Most business travelers prefer direct flights, because they are faster. (Let's assume it costs £20 in salaries/hour... spending 2 hours in an airport between connecting flights and an hour longer flight time adds up to £60, one way.) And, from experience, traveling is tiring; hanging around in an airport even more so than flying. So, a quick direct flight gets you in a better shape at your destination. And lastly, the dominant carrier at a hub can ask higher prices, because they have most mileage card owners... and they get them because they offer the best selection of flights.
danielson - without wishing to detract from the people who've already posted an answer, you mention that you're leaving the UK on Easter Saturday. While I expect Germany likes to take time off around Easter similiarly to the UK, are German school holidays on substantially the same dates as the UK ? (German school holidays are much more regional than the UK, but Easter is observed on largely the same date everywhere in Germany). Is the date of your return perhaps a day when UK schools are still on holiday but German schools have resumed ?
danielson81, one way of looking at this is to reverse the question: Why are direct flights more expensive?
The answer is inevitably - because that's what the market will bear! Of course, it's neccessary for carriers to get as much cash as they can per seat per sector and this is what also works for the indirects. Lufty know how many pax they regularly carry from LHR to FRA and (separate bookings) from FRA to NRT. So if they have spare capacity on both sectors? Make a discount that may not make them much profit but will be better than two empty seats. Then, they hope, you will like the service and use them for similar journeys in the futures.
Lastly, as you often see referred in here, it's proximity to LHR. In this country we are not big enough to have two major international hubs (wait for the Gatwick Groupies to read that slur!) so for many it's easier to go from their local field (MAN/EDI/etc) to AMS/FRA/CDG or even via the Gulf hubs. Folks that live near Norwich hop across to AMS very easily and, if through ticketed, then it can be good deal.
I make significant savings (Business Class) using my resident country's national carrier from an adjacent country's airport (1 hr drive away) - via their hub - than flying directly from their main national hub (2 hours drive away). Despite having to fly 2 legs iso 1 the total elapsed travel time is actually shorter.
In the late 90s I lived in belgium for 3 years. It was much cheaper for us to fly Bru-Lhr-anywhere than it was for our mates in the UK to go Lhr-anywhere. We were also offered many more upgrades than our mates based in lhr, and whilst I've never accepted a bribe, I cheerfully accepted upgrades to Concorde!! (PS - where do I get silver Concorde pen refills???- No shop in London has ones that fit)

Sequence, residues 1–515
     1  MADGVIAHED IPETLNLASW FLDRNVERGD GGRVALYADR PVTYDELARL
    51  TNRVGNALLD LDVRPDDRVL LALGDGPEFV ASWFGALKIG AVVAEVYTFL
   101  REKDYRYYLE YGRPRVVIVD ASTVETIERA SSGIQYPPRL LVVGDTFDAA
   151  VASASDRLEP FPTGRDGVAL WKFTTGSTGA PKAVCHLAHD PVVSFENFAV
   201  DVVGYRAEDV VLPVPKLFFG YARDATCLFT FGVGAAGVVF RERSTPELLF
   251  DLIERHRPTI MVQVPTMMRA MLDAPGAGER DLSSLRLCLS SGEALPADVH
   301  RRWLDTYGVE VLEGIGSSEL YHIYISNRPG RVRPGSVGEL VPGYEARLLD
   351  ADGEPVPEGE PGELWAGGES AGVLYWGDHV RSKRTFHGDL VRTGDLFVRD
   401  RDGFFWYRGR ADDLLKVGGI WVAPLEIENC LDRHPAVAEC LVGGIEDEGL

Some guys - with time to spare, so it must have been sales and marketing - went lhr-bru-lhr-anywhere, and back again as it was cheaper for them. We bought their bru-lhr-anywhere tkts, they bought an open lhr-bru return.
There was also a deal to have a number of "open" tickets floating around. I never understood it, but the CEOs secretary did, and she ran that part of the system. If she said it was much cheaper to do it her way, it usually was.
There was also a deal to have a number of "open" tickets floating around.
You get a better fare if you have a weekend in your return ticket. For people that regularly spend a few days in the same city it is cheaper to buy a HOME-OUT-HOME ticket over two weeks plus an OUT-HOME-OUT ticket over the weekend instead of two HOME-OUT-HOME tickets for both working weeks.
Passenger Load Factor. Another way to look at this is as a scheduling problem. Its easier to fly people into and out of a hub, have them switch flights and proceed to their final destinations than it is to optimize the direct point to point planning problem.
Given the business class demand for shorter (time-wise) direct flights, I'd expect to see airlines try to fill in the empty seats on these flights by offering lower economy class prices until the plane is full. I've seen that happen on occasion, but my evidence is purely anecdotal
My first guess is that the price leader on this route is one of the Gulf carriers or maybe Turkish. (OK, maybe there's a junk carrier which is cheaper ...)
Lufthansa, and AF/KL and others, will be tracking the fares of all their competitors. When they find the lead low fare, it's up to them to decide whether to match/beat it or not. Bear in mind that their head office will be on the back of their UK sales manager 'why aren't you meeting your targets?' and he'll be replying 'because Emirates are stealing our lunch - we have to match them or give up the business'.
I work for a company who are extremely cost sensitive regardless of how high up in the company one is, and they usually insist on employees using the cheapest fare, within reason. Almost invariably this means using indirect flights via a European hub (I live in London).
Usually the list of flights on offer shows plenty of seat available on direct flights but at much more expensive fares than the indirect flights via the European or M.E. hubs. Apart from the personal inconvenience, I find this particularly galling considering the extra fuel I will burn getting to the destination (why have just one take off and landing when you can have two?) and the resulting increased emissions.